Myra Greene is a photographer and the 2016 – 17 Distinguished Visiting Scholar at Spelman College. A celebrated artist and educator, Greene enjoys exploring photographic processes that engage issues about the body, memory, and the ever-shifting identity of African Americans. Greene has been an artist in residence at prestigious institutions including Light Work at Syracuse University, New York, and the Center for Photography at Woodstock. Her work is in the permanent collection at the Museum of Contemporary Photography in Chicago, the Museum of Fine Arts Houston, The National Gallery of Art in Washington D.C., and Spelman College. The Museum sat down with Greene recently and asked three questions.
1. The Museum acquired your photographs Untitled #12 and Untitled #53 from the Character Recognition series, which were inspired by your personal and cultural experiences with bigotry. You question what people see when they look at you and if they are capable of seeing your character as clearly as they see your skin tone. This work was completed between 2006 and 2007 and you comment that these lessons were “haunting and frightening in these modern times.” It is 2017, and we continue to ponder these questions. Let us know how you feel about this work now.
MG: It’s always about how we look. And you would think that we would look differently as time goes on, but there’s something innate about classification. That’s what we do. For good or bad, we sort, and I think about that a lot. After Character Recognition, I did a project called My White Friends to see what happens when I sort. We always talk about the Blackness Sort, but do we talk about the sorting of others?
Character Recognition was important for me to visually communicate that we still look, we still sort, and we still classify, but it was also important to say that I will be classified in a beautiful and magnificent way. Now that I have less of them in my life [because many were purchased], they’ve become more precious. I’m fascinated 10 years later by the response and see how the projects required the viewer to slow down and reconsider the way they’re looking at the works.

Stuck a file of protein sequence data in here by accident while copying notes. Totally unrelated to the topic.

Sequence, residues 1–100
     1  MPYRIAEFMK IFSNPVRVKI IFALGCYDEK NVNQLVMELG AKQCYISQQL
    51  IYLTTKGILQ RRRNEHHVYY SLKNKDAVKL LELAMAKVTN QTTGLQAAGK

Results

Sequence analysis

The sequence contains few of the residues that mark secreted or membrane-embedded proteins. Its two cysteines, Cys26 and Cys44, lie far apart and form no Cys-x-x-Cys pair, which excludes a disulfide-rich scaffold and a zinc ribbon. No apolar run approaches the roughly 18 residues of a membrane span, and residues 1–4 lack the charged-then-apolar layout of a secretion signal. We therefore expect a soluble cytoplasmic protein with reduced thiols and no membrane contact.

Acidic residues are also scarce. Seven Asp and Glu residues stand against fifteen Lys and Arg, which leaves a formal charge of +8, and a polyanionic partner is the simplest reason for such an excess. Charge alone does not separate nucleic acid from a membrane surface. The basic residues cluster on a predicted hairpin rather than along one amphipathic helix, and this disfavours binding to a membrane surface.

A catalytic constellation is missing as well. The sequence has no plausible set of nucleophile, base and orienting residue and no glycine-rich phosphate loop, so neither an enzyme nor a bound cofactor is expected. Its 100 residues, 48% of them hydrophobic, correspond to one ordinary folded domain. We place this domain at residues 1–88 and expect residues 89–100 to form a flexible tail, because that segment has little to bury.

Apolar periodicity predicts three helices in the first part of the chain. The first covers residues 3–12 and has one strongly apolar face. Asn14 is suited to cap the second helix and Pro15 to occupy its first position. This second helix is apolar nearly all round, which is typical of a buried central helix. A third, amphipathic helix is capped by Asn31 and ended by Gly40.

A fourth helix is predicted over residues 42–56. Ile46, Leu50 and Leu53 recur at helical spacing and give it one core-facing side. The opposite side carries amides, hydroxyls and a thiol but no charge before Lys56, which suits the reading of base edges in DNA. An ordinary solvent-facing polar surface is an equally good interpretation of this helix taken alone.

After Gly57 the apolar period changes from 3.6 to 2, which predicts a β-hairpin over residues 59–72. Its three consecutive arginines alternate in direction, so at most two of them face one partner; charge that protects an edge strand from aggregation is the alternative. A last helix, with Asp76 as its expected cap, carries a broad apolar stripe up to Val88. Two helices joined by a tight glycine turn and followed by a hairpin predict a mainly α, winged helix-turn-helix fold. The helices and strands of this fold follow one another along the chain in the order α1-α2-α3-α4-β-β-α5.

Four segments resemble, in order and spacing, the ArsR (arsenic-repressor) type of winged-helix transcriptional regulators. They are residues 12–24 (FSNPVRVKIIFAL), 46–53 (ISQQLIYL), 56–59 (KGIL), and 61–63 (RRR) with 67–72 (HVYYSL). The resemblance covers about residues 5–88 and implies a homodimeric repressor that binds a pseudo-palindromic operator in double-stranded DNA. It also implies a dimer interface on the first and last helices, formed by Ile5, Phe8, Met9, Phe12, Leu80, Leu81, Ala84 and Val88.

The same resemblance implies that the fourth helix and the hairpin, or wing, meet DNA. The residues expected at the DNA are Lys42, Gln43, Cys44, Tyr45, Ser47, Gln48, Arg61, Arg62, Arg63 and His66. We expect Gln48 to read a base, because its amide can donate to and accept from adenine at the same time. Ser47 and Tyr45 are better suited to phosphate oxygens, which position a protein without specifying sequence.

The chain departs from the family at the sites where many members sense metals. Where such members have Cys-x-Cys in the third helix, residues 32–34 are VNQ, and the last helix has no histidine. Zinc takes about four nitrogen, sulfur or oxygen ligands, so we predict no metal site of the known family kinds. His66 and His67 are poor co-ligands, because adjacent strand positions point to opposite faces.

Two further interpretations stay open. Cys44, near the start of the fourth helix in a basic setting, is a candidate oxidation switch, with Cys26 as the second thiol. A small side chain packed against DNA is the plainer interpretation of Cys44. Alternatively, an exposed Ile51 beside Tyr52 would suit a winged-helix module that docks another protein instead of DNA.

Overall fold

2. Tell us about your current projects?
MG: After Character Recognition and My White Friends I was interested in talking about self-portraiture without using the body. In 2013, I started experimenting with African fabrics—deconstructing them, and making physical collages that were then photographed and scanned and made into photographs. They’ve ultimately led me to textile work. There is a lot of silk screening, embroidery, hand stitching, and machine stitching that then goes back into making a photograph, which is part one. The second part becomes an exploration of quilt making as a deconstruction and reconstruction of design. What ultimately happens is it becomes a metaphor for the reconstruction of self. I am also making protest quilts as a means to think about the act of sewing and art making as protest.
3. You are hosting two artists who will present public lectures on March 29 and April 5. Tell us about the featured artists and why you selected them.
MG: Deborah Jack and Sama Alshaibi have an inspirational scope of experiences to offer attendees. I am interested in their photographic process, how they make their work, and their journeys to successfully move outside of photography to video, sculpture, and installation. They also have an interesting global perspective within their biographies that materializes in their art.
Deborah Jack will be presenting on how hurricanes and salt can represent the fury of the Trans Atlantic Slave Trade and its need to wash over the unseen. Her lecture, “the water between us remembers: Hurricanes and the Aftermath as a Catalyst For Artistic Re-membering” is on Wednesday, March 29, 2017 at 6:00 p.m. in the Suites Private Dining Room.
Sama Alshaibi, who is Iraqi and Palestinian, uses her blended identity to explore the notion of statelessness. She will present her lecture, The Length of The Neck, on Wednesday, April 5, 2017 at 6:00 p.m. in the Suites Private Dining Room.